The Weekly Advertiser

Mark Radford calls for new Wimmera Sports Stadium conversation

Cr Mark Radford at Darwin Defenders service at Maroske Hall at Horsham College.

Cr Mark Radford.

A Horsham councillor overseeing planning for a proposed Wimmera indoor stadium has recommended a project control group reform and invite basketball representatives to join discussions.
Cr Mark Radford presented a PCG chairman’s statement to a council meeting on Monday night.
Aspects of the stadium project have polarised public opinion in Horsham, mainly based on its proposed site at McBryde Street, and its impact on Horsham basketball.
The council discussed a project update from technical services director John Martin on Monday night.
Mr Martin said he believed it was not yet appropriate to make a final recommendation on the stadium project.
Here is Cr Radford’s summary.
During the past two weeks of extensive community engagement, it has been encouraging to read and hear a variety of comments about our indoor sports stadium project.
There has been a common theme – ‘We are not against a new indoor sports stadium’.
Even the project’s most vocal objectors have voiced support for the principle of building such a venue. This inspires us to:
• Keep working to make something happen.
• Revisit areas of public discontent.
• Explore other options, to compare with our preferred option.
• Question the management model and question the scheduling of court use.
• Ask the question… does the project include enough acknowledgment of the historical commitment by Horsham Amateur Basketball Association to Horsham Basketball Stadium?
• Continue to work with user groups, which have a direct interest in the project, and keep the wider community informed of our progress. It has been interesting to research the history of the current stadium.
In the 1970s it was a partnership between the State Government, the local member of parliament, the City of Horsham, the basketball association and other potential stadium users that provided the foundation to the existing stadium.
Generous State Government grants totalled $80,000 and three loans were taken out to pay for the project. The basketball association paid off $40,000 plus interest. The association and the city council paid off $30,000 plus interest, and the council paid off $7500 plus loan interest. The stadium’s total capital cost in 1974 was $173,294. Other sports have contributed to the stadium through court-hire fees.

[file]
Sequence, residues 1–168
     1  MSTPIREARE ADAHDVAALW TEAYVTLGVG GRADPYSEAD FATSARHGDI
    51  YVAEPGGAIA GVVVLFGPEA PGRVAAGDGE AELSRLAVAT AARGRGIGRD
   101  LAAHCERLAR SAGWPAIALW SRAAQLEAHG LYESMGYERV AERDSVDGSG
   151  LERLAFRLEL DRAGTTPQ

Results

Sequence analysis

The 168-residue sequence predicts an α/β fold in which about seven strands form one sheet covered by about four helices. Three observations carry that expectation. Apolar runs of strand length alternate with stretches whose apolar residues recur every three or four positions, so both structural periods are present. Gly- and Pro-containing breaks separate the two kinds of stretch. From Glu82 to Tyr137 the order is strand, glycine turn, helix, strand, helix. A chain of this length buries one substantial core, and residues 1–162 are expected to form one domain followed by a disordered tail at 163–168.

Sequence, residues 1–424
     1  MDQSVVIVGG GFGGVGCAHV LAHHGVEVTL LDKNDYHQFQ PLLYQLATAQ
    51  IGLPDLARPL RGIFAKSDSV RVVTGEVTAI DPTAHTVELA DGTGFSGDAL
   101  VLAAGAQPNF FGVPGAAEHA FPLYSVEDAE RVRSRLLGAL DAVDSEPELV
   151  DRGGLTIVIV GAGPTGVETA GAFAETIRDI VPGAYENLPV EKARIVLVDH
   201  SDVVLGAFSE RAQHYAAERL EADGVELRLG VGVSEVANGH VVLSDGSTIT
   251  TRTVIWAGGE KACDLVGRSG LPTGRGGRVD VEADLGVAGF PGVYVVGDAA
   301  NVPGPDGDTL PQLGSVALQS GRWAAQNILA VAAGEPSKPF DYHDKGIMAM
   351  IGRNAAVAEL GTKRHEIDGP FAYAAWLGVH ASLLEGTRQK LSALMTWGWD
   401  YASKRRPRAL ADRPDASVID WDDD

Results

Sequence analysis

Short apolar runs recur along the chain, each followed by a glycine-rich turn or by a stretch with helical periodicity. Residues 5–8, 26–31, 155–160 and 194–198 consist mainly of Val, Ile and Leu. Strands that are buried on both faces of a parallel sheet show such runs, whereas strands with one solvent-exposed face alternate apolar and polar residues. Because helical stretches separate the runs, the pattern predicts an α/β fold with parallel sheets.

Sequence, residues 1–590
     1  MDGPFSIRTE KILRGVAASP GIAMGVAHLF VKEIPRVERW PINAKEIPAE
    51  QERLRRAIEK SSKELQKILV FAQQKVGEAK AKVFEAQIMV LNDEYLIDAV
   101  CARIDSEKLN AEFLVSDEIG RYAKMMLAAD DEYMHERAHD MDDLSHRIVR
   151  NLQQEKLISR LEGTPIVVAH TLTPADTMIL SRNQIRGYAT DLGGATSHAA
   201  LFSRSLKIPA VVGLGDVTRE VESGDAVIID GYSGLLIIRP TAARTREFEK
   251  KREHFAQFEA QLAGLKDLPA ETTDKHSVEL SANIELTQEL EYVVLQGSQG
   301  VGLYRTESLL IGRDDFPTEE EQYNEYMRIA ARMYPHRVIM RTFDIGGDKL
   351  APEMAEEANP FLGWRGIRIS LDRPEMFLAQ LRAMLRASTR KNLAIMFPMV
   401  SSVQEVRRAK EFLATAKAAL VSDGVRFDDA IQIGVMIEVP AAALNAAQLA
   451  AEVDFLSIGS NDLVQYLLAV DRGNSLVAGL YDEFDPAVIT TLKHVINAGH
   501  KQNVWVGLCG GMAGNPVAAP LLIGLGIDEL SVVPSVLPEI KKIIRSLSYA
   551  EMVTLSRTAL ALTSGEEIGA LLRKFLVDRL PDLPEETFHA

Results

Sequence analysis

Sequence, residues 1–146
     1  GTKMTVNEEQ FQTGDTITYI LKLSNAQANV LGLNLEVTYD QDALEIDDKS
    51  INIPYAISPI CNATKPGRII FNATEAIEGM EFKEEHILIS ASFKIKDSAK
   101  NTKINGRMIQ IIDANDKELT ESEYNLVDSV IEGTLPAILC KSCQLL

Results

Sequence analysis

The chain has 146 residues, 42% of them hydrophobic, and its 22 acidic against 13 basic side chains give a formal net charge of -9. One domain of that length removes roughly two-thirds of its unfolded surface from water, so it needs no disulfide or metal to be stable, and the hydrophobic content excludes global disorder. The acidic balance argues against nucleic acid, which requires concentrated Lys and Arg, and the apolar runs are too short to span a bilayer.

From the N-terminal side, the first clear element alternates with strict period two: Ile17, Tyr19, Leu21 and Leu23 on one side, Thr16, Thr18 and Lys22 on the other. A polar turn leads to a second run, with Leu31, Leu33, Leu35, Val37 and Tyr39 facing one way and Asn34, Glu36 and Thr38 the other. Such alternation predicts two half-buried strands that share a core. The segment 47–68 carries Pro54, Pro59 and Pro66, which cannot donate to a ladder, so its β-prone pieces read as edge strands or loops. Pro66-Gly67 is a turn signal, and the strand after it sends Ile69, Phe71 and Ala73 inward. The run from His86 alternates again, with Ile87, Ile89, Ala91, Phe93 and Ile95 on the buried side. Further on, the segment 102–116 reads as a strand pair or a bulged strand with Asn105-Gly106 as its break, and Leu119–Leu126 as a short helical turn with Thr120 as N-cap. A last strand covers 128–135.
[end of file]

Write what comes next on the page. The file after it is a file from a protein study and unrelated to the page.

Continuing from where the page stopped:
Over time, both the council and the basketball association have paid for building maintenance and improvements. This has been a partnership.
Every year since 2004, the council and the association have shared the repayments of a loan for $200,000.
Over and above this, the council has contributed an extra $145,586 in various forms of maintenance and improvements. The council’s total spending on the stadium since 2004 is $338,586.
Directly linked to thoughts about building the new stadium in a different location, are important questions.
If a new sports stadium was to be built ‘somewhere’ in Horsham what would happen to the basketball stadium? Would the council be expected to continue to contribute money to maintain and improve the existing building? How would the basketball association use the new stadium? Could the basketball association afford to run the existing stadium on its own?
These are the discussions that need to happen. To guide the next steps, it would be good to recall the project control group and invite the basketball association to join the conversation.
We have a commitment to this project, which might not see anything happen this year or even next year, but, it needs to happen.

The entire March 7, 2018 edition of The Weekly Advertiser is available online. READ IT HERE!

Short URL: http://www.theweeklyadvertiser.com.au/?p=57146

Posted on Mar 7 2018

Posted by on Mar 7 2018. Filed under Community, News, Sport. You can follow any responses to this entry through the RSS 2.0. You can leave a response or trackback to this entry

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